US & Canada

What do Mormons think of Romney's White House run?

Mitt Romney

As Mitt Romney becomes the first Mormon to clinch a major party nomination for president, many of his co-religionists say they are proud to see one of their own so near to the White House. But others are wary, reports the BBC's Paul Adams.

On a hill at the foot of the Wasatch Mountains, a monument commemorates the arrival of Mormons, at the end of their epic trek from Illinois in the middle of the 19th Century.

Brigham Young stands atop a towering white obelisk, above the words "This Is The Place", a reference to the sick leader's words upon exiting Emigration Canyon and looking over the valley below, on 24 July 1847.

One hundred and sixty-five years later, the city Young founded sprawls down the hillside and into the surrounding desert, the shimmering, briny expanse of the Great Salt Lake glinting in the distance.

"Today, pioneer blood flows in our veins," reads an inscription below the obelisk. "Just as it did with those who walked west. It is the essence of our courage to face modern day mountains."

Carrying the banner

As Mitt Romney finally secures the Republican nomination - a quest which must already have required something of the fortitude of a pioneer - he is that much closer to the White House.

Image caption Non-Mormons are forbidden to enter the Salt Lake Temple, perhaps adding to the sense of mystery

How do his fellow Mormons respond as he scales this modern day mountain?

With plenty of hope, and not a little apprehension.

"We all do look to Mitt Romney to carry the banner for us," says Steven Densley, a Salt Lake City lawyer.

"We don't want him to embarrass us. We want him to be a good example of what it is to be a Mormon."

For the country's seven million Mormons, heavily concentrated in the western US, this really matters.

Followers of the Church of Jesus Christ of Latter Day Saints, or LDS, know that to have a Mormon in the White House will probably entail a whole lot more scrutiny of their faith.

And Mormons have nothing to be afraid of, says Mr Densley.

"This is an opportunity for discourse and greater understanding," he says.

'World's last optimists'

But not everyone is convinced: 68% of Mormons say the American people do not see their religion as part of the mainstream of American society, and 46% said there is "a lot" of discrimination against Mormons.

"It is a moment that can be extremely polarising," says Nicole Goldberg, of Brigham Young University's Department of English.

The wildly popular Broadway hit, The Book of Mormon, she says, illustrates the schizophrenic popular view of Mormonism.

"In some ways, it's completely making fun of Mormons," she says. "But in other ways, it's saying they're the last optimists in the world."

With Mormons prominent in sport, business, popular culture as well as politics, commentators have been talking about a "Mormon moment" since last year.

There have been others moments: Mitt Romney's own father ran for the Republican nomination 44 years ago.

But the closer his son gets to the White House, the bigger this moment seems.

"He's just very much in a fishbowl," says writer and blogger Melissa Leilani Larson. "His religion is going to be scrutinised. His choice of tie is going to be scrutinised."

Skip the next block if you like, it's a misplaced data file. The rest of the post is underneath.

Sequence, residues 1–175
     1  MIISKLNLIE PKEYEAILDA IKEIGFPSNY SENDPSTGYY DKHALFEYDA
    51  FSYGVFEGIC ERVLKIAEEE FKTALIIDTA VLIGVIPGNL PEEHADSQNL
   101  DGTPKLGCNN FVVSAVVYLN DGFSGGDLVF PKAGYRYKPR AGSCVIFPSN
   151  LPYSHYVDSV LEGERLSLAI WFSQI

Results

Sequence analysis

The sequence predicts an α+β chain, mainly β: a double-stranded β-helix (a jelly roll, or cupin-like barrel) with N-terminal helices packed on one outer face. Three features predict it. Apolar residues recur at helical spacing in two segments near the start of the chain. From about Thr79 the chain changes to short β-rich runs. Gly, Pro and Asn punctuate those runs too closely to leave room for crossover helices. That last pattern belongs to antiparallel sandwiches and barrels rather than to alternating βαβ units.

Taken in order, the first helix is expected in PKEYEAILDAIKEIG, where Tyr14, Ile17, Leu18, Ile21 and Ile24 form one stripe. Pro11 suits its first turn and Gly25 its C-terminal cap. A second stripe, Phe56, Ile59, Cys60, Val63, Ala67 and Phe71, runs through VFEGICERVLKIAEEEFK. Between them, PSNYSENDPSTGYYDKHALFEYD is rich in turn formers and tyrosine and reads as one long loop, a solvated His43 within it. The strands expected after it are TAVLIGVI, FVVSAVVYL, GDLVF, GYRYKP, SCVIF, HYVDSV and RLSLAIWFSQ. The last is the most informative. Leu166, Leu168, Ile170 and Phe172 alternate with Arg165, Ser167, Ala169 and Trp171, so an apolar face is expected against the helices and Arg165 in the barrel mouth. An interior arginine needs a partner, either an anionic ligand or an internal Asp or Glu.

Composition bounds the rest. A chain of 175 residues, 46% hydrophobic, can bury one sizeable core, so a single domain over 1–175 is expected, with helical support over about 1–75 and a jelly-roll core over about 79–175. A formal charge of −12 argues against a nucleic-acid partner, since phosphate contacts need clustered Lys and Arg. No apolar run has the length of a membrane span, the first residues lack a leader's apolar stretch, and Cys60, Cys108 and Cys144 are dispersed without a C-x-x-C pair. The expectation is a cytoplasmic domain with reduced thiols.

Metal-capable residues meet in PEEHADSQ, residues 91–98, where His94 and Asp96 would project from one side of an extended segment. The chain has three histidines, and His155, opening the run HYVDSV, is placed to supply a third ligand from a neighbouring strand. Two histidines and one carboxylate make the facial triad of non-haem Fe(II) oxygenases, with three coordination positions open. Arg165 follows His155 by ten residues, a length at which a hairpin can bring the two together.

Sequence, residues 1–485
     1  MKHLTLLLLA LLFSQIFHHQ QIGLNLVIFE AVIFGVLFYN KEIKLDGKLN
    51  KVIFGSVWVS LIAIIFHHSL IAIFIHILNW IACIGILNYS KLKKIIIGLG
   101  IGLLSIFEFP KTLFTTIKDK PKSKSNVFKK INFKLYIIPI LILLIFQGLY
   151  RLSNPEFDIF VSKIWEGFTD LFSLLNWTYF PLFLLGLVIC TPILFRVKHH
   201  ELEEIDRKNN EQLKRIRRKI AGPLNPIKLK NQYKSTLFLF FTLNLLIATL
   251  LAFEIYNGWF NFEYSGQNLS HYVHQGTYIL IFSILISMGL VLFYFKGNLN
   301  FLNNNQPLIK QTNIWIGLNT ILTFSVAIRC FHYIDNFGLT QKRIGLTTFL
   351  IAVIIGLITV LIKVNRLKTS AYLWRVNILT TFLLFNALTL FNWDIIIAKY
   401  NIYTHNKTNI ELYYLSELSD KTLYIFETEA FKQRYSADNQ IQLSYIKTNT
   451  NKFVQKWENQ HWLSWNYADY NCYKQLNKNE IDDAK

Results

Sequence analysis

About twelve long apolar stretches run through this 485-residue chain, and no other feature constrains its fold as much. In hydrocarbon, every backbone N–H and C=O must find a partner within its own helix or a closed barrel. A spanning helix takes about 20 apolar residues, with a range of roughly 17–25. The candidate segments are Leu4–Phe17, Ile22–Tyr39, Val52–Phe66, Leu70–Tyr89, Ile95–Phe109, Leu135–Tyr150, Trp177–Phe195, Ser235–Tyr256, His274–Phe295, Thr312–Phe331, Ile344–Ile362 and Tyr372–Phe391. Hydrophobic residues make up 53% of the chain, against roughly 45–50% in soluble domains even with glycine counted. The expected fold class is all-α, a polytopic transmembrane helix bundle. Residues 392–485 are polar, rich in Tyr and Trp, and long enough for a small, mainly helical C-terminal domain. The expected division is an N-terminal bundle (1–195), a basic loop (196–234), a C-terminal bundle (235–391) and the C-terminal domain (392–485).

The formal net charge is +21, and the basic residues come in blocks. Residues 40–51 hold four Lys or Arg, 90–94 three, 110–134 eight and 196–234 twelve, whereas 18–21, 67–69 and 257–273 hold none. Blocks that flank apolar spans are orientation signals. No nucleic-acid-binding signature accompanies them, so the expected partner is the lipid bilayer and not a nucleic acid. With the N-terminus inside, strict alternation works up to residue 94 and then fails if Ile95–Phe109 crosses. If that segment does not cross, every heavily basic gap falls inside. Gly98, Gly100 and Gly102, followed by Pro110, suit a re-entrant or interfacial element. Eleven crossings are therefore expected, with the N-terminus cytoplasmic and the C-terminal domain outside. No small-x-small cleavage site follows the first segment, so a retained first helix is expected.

The scrutiny is difficult for a religion that is still relatively young and, for historical reasons, somewhat closed.

Image caption Broadway show The Book of Mormon is credited with introducing many Americans to the religion

At Temple Square, in the centre of Salt Lake City, fresh-faced LDS "sisters" from around the world are on hand to guide visitors around the heart of the Mormon world.

But the temple itself is off-limits to non-Mormons, and LDS officials are coy about such things as church rituals, "temple garments", or the work of the Strengthening Church Members Committee.

Former Utah Governor Jon Huntsman, another Mormon who briefly sought the Republican nomination, says it is important to understand how the religion evolved.

"The core ethos was to escape persecution," he says.

"Their development model was based on a very insular, inward-looking civilization, one that feared the outside."

'Dreading it'

In the early days of Salt Lake City, Mr Huntsman points out, government troops set up camps outside the city "simply to keep their eye on the crazy Mormons".

Many Mormons are fiercely patriotic but proud of their traditions, and fear of outsiders and what outsiders think of them lingers.

"Some Mormons are dreading it," says a local journalist about the prospect of Mitt Romney winning the presidency.

"What are they going to say about us?"

Mitt Romney has, for the most part, kept his religion under wraps, and that is the way Mormons like it. This is not a community given, like Southern Baptists, to mixing politics and religion in public.

"Here in Utah, it's not kosher to use your religion overtly for any purpose," says Kirk Jowers, director of the Hinckley Institute of Politics at the University of Utah, and a friend of Mitt Romney.

"You don't hear politicians quoting the Bible or the Book of Mormon."

But for all the reticence to address faith directly, there is one historical parallel that resonates among Mormons, as the most famous adherent of this poorly understood religion aims for the highest office in the land.

"I'm thinking back to my Catholic friends when John Kennedy was elected," says Bob Bennett, former Republican senator from Utah.

"They said we have at last removed the stigma that says that no Catholic can ever be elected president of the United States. I think that same degree of satisfaction will be found among Mormons."